The Latest Treasures of a Bibliophilist
Here are the latest addition to my book collection. Except for A History of Writing which I bought sometime late last year, these books I was able to acquire online through Chapters bookstore's Web site.
Joseph Campbell's The Masks of God consists of four volumes; I am yet to buy volumes 3 (Occidental Mythology) and 4 (Creative Mythology) to complete the tetralogy.
As regards Steven Roger Fischer's "A History" trilogy, the final volume, A History of Reading, is all I need to buy (when budget permits) to complete the collection.
1. The Art of War by Sun Tzu (2005, Shambhala Publications) – I've long been familiar with this popular classic book, but only now did I have the chance to acquire a copy of it. The Art of War is regarded as one of, if not the most influential book of strategy in the world. It is believed to have been authored by Sun Tzu, a mysterious Chinese warrior/philosopher who lived in sixth century BC; although, some scholars conclude that Sun Tzu's work was actually authored by unknown Chinese philosophers and that Sun Tzu was just a semimythical figure who—in fairness though—might have at least been based on a real Chinese warrior. Regardless, The Art of War is doubtlessly a rich source of military strategies and principles which the reader may apply to all the challenges and conflicts of life. Despite having been written centuries ago, the wisdom of The Art of War is timeless; many contemporary books about management and leadership would pale in comparison.
I am yet to finish reading half of The Art of War, but I've already picked something worth remembering: "An unreliable ally is more dangerous than a clever opponent."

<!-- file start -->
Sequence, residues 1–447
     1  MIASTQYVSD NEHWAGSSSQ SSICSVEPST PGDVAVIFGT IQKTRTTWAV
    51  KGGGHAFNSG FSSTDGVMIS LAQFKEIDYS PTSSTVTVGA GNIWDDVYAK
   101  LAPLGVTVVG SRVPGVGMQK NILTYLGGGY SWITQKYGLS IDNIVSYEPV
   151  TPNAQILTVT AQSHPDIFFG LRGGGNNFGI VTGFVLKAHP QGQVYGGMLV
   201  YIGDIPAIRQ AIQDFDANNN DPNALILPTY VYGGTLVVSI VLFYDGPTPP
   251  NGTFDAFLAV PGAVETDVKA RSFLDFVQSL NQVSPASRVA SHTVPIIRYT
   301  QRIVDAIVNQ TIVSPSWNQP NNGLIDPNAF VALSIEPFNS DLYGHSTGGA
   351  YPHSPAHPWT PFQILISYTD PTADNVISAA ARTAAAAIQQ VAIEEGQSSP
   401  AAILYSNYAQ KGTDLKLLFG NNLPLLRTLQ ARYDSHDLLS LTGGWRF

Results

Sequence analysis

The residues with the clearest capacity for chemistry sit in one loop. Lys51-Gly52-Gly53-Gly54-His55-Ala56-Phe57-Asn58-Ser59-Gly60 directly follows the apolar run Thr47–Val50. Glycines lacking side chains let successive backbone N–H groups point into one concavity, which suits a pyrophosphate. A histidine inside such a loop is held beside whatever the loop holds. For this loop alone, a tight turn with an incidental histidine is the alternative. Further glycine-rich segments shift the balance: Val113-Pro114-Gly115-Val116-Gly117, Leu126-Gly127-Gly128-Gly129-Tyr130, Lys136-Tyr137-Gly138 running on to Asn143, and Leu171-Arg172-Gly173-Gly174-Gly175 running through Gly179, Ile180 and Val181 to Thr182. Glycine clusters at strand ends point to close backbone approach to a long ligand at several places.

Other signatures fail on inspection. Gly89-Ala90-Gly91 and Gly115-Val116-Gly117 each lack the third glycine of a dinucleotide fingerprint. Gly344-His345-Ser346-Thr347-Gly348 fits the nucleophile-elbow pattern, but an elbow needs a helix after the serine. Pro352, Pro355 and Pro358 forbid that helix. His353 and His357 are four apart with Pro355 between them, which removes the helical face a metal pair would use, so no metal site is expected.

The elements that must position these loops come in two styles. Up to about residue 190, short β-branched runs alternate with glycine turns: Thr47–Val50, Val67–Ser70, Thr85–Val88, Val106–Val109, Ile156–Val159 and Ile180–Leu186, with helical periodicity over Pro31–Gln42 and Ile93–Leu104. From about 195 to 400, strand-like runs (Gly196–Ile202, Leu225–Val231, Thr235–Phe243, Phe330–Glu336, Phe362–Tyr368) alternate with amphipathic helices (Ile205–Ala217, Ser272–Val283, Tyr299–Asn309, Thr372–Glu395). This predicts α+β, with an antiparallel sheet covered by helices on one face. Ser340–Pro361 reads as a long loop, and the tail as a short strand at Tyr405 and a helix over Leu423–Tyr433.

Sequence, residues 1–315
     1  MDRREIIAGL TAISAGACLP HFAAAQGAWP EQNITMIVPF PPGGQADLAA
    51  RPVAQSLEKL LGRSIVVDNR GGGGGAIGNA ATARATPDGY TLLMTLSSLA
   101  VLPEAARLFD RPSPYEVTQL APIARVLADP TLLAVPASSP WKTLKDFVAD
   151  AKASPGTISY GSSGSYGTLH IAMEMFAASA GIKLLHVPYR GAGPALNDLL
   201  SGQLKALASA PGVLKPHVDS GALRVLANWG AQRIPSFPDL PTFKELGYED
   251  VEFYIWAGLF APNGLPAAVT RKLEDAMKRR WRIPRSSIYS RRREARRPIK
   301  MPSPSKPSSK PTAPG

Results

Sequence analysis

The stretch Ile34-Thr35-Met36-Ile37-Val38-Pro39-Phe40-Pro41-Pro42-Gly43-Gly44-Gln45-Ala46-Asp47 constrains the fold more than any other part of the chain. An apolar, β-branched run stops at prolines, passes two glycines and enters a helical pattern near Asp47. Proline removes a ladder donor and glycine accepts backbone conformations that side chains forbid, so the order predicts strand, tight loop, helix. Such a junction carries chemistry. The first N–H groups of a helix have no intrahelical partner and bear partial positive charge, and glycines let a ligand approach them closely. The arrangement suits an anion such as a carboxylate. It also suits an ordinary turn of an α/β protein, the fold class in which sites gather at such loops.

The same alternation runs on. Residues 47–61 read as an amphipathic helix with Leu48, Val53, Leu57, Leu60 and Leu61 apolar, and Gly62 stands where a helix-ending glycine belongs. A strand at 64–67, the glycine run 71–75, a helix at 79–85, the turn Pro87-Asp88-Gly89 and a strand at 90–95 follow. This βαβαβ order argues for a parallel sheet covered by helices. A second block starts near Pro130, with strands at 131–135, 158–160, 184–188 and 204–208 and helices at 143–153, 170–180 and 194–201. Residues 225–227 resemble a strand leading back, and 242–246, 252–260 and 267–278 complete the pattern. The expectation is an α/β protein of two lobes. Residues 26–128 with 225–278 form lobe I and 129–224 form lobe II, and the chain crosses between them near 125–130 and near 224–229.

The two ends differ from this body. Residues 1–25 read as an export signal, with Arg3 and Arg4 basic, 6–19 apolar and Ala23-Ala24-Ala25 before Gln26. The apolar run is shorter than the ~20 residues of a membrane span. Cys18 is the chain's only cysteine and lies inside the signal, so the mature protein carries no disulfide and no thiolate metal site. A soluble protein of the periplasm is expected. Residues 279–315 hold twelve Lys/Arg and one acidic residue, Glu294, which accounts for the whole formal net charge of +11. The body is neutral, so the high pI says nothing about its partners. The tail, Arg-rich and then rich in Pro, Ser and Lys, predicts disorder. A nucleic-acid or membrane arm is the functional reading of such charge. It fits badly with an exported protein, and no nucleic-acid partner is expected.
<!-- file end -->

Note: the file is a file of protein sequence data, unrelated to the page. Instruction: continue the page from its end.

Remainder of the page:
2. The Masks of God Volume 1: Primitive Mythology by Joseph Campbell (1992, Penguin Books) – In this volume, Campbell discusses the primitive roots of mythology, examining these in light of the most recent discoveries in archaeology, anthropology, and psychology.
3. The Masks of God Volume 2: Oriental Mythology by Joseph Campbell (1992, Penguin Books) – In this second installment to The Masks of God, the author offers an explanation of Eastern mythology as it developed into the distinctive religions of Egypt, India, China, Japan, and Tibet.
4. Selected Poems by John Milton (1993, Dover Publications) – So far, I've already amassed around 25 poetry books published by Dover Publications; primarily because these are thrift editions, economically priced—C$1.50 to C$5—yet they are unabridged.
John Milton (1608–1674) is the English poet who wrote: "A good book is the precious lifeblood of a master spirit, embalmed and treasured upon purpose to a life beyond life."
5. A History of Language by Steven Roger Fischer (2003, Reaktion Books Ltd.) – After I've finished reading A History of Writing, I was compelled to own as well the remaining volumes of the trilogy. As a lover of languages and writing systems, I found A History of Writing very useful and enlightening; thus, I'm already looking forward to reading this second installment.
A History of Language charts the history of language from the time of Homo erectus to the nineteenth century, analyzing the emergence of linguistics as a science and the development of language as a written form. It also investigates the rise of pidgin, jargon, slang, and dialectology, as well as the relationship of literature and literacy to language. Finally, it demonstrates the effect of media on language today.